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Genetics. 1989 May;122(1):211-22.

The genetic architecture of interspecific variation in mimulus.

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  • 1Department of Biological Sciences, University of Exeter, Exeter EX4 4PS, United Kingdom.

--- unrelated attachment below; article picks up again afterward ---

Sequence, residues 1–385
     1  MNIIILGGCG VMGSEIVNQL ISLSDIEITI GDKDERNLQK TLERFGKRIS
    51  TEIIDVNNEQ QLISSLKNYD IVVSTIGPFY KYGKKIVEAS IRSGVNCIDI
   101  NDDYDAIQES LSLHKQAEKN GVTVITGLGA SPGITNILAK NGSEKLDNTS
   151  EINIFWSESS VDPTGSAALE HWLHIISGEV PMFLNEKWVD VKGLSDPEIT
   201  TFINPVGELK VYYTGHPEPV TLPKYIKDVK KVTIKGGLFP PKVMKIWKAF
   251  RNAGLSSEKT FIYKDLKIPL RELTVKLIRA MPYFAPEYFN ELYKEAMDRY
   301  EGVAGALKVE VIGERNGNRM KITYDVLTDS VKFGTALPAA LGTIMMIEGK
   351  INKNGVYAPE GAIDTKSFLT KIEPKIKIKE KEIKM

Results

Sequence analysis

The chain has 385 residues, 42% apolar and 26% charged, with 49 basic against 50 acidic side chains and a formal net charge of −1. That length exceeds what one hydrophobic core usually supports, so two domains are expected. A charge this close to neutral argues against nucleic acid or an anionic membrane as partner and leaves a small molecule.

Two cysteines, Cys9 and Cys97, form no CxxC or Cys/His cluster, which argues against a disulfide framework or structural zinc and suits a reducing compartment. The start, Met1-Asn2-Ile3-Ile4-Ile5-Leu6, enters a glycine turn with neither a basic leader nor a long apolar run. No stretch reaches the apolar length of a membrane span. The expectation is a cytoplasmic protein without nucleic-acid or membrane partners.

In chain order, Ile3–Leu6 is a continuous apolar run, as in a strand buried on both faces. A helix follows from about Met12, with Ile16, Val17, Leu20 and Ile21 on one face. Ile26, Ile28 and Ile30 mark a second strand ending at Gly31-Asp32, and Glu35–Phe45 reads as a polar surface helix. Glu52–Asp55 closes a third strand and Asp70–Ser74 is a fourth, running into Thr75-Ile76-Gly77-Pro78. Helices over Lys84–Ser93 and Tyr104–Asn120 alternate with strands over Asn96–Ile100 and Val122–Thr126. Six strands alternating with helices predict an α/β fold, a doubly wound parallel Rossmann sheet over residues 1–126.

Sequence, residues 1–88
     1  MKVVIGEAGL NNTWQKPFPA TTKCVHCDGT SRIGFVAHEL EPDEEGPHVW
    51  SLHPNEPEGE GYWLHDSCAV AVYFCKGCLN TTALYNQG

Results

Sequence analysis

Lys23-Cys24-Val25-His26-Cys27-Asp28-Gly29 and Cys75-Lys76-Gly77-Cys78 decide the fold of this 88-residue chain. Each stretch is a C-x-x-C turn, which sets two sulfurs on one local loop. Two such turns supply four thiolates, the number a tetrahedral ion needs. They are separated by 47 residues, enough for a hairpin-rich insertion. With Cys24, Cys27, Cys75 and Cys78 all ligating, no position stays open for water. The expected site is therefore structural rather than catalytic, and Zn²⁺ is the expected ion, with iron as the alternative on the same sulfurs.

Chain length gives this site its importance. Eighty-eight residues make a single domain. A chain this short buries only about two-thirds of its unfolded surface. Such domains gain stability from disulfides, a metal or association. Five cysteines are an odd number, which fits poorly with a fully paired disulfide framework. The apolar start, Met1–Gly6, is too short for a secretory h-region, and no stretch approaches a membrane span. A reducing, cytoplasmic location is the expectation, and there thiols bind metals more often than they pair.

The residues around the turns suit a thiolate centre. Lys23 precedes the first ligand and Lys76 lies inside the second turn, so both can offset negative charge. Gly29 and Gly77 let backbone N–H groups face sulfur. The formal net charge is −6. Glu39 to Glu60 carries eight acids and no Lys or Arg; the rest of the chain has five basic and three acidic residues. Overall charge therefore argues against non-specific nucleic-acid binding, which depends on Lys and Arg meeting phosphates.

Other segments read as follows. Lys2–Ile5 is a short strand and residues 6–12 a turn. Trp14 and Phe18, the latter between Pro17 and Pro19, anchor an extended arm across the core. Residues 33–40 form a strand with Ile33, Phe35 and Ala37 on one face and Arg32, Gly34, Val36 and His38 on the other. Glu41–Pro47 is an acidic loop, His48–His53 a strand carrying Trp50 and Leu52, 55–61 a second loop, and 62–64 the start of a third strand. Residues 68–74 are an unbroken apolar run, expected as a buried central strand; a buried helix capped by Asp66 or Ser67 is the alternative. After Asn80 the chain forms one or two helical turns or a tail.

The genetic architecture of various floral and morphological differences between Mimulus cupriphilus and Mimulus guttatus is investigated. M. cupriphilus is believed to have speciated from M. guttatus in the recent past. The two parent species, the F(1) and F(2), and two backcrosses were grown and scored for 23 different characters. The analysis of means revealed significant epistasis for a number of the floral characters, particularly those involving the length of parts. Dominance was generally toward M. guttatus, except for the characters related to flowering time. Analysis of the genetic correlations between characters revealed that there were at least four different polygenic genetic systems, governing flowering time, size of flower, number of spots on the corolla, and general size. An analysis of minimum gene number suggested that there were at least 3-7 genes controlling floral size, and a different three controlling floral spot number. Two other characters, corolla lobe shape and stem color, were produced by independent major gene differences. Annuality was also shown to be heritable. The two species appear to utilize the same gene for copper tolerance. The results are discussed in the light of current theories of speciation.

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